Long-Term Care Insurance:
Better Controls Needed to Protect Consumers
T-HRD-92-31, May 20, 1992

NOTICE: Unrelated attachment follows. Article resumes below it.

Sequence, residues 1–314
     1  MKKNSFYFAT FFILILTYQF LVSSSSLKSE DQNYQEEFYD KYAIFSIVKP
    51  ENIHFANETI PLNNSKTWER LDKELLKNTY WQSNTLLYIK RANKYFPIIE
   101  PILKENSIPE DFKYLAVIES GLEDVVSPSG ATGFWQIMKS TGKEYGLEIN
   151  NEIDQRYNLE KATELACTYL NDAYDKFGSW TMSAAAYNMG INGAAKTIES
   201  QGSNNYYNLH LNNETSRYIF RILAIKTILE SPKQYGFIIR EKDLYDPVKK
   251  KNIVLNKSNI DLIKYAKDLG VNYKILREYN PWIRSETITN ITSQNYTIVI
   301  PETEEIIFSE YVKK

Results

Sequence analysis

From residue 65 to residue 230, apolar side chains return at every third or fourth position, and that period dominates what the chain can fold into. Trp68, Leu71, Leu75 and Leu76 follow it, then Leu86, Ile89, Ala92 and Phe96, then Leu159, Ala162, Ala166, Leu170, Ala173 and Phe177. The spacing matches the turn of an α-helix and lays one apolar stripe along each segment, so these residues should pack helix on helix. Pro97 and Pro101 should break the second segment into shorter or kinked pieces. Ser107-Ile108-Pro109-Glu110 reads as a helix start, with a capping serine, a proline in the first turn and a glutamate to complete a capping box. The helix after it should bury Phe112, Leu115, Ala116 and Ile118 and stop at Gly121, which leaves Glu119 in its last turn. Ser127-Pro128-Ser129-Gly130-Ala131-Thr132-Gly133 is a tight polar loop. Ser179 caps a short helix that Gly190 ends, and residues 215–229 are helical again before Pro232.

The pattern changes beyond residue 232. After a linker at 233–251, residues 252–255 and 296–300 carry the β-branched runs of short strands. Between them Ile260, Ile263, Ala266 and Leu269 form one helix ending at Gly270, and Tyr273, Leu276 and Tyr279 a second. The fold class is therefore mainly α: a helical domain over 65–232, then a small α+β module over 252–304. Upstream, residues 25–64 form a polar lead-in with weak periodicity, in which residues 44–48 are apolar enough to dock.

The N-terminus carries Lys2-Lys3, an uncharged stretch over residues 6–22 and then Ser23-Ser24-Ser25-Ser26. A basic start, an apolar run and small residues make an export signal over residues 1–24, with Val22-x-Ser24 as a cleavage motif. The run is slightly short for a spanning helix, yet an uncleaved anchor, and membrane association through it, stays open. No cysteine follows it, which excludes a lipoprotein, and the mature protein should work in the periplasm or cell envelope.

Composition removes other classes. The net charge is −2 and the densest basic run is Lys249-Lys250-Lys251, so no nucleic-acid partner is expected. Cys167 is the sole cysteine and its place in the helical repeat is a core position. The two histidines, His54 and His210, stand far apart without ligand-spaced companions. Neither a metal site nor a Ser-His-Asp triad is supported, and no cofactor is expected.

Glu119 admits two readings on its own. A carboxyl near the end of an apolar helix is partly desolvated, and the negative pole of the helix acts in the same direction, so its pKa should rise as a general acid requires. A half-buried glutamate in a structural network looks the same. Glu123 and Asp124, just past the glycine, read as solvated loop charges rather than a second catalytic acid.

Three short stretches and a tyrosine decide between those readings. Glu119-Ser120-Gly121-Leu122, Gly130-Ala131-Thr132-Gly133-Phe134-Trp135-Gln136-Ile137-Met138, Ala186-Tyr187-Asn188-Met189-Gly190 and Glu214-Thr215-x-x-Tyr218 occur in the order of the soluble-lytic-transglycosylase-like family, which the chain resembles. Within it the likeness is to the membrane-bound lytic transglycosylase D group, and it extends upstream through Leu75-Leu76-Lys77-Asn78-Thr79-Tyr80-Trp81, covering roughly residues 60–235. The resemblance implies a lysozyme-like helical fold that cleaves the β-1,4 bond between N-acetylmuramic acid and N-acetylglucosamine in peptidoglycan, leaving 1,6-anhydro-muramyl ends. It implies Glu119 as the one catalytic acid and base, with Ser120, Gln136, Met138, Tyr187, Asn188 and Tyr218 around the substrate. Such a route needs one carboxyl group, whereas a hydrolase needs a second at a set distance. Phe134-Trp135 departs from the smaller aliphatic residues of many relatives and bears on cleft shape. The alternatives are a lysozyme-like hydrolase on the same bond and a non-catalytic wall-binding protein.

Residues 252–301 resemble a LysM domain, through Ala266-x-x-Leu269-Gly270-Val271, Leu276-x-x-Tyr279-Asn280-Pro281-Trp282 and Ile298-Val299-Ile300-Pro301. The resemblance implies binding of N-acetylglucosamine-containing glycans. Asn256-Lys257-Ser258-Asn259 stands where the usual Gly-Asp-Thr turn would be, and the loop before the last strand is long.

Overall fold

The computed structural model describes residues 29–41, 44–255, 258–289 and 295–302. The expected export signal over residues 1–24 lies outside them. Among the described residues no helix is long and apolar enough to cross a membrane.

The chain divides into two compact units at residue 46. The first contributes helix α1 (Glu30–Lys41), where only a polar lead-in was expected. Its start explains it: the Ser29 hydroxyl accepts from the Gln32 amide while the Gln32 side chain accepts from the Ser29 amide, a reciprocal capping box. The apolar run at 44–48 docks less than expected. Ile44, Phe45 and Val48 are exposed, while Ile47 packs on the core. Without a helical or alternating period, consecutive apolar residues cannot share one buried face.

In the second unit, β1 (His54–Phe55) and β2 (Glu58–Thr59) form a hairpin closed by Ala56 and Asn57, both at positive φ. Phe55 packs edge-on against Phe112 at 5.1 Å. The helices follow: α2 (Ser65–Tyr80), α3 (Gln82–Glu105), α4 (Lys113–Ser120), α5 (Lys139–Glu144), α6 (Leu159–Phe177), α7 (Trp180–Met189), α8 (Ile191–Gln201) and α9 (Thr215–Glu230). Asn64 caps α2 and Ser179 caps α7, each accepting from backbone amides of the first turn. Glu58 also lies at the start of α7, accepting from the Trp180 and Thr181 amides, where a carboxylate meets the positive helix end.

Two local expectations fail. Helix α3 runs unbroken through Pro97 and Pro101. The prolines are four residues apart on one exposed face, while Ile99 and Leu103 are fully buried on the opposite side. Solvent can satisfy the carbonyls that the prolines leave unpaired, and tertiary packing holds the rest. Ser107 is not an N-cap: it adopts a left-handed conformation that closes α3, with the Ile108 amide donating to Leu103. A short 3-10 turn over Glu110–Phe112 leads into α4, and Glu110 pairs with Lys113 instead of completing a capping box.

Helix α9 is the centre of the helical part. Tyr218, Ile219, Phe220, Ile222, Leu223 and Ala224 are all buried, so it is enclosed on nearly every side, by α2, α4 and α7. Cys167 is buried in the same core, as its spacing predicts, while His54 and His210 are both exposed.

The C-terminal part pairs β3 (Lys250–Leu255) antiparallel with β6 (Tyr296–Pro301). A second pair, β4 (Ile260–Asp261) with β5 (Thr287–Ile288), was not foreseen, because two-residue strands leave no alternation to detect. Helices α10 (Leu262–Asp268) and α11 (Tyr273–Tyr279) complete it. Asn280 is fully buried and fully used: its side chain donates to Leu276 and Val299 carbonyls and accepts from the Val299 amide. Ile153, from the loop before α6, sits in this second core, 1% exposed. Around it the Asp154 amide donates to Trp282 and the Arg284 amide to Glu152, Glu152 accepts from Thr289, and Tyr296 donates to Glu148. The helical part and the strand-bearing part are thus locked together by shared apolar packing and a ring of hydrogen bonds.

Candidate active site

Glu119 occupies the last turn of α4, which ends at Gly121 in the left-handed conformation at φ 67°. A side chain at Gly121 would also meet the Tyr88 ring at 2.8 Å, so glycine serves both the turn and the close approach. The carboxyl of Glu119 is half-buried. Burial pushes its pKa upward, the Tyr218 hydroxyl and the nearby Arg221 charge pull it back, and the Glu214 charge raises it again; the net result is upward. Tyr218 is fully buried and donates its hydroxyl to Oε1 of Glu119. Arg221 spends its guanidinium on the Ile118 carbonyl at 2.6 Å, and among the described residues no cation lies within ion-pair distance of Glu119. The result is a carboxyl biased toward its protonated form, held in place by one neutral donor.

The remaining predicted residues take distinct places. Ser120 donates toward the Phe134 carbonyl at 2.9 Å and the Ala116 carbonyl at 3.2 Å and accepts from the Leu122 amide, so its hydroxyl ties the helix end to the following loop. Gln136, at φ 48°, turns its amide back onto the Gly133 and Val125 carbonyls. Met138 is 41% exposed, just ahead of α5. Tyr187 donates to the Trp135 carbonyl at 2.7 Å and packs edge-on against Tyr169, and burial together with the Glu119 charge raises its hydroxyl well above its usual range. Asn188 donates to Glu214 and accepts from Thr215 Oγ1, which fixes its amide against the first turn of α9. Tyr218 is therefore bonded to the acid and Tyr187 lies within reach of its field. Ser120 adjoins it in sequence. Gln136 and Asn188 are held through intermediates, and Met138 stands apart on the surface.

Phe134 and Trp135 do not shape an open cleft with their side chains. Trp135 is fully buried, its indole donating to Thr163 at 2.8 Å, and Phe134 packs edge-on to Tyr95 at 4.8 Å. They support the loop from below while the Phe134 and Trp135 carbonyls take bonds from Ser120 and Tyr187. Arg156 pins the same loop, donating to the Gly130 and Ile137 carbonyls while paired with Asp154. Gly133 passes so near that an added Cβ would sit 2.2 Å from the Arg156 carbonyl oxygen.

GAO discussed long-term care insurance policies and the standards developed by the National Association of Insurance Commissioners (NAIC) that govern them. GAO noted that: (1) consumers purchasing long-term care insurance are still vulnerable to considerable risks, because many states have not adopted minimum NAIC regulatory standards and some NAIC standards fail to sufficiently address long-term care insurance features that have important consequences for consumers; (2) although insurance companies adopted NAIC standards more quickly than did states, most policies reviewed did not meet more recent NAIC standards, particularly standards regarding disclosure and inflation; (3) although some insurance companies do little to prevent the sale of long-term care insurance to low-income people, long-term care insurance is expensive and generally not appropriate for people with limited financial resources and Medicaid will pay for care for those people covered. GAO believes that in addition to the current NAIC standards, new standards need to be developed that: (1) promote uniform terminology and definitions for eligibility criteria, long-term care services, and long-term care facilities; (2) address the relevance of eligibility criteria for different types of impairments, and establish formal grievance procedures; and (3) protect consumers against forfeiture of their investments in premiums if their policies lapse, options for policy upgrading, and a structure for agents' sales commissions.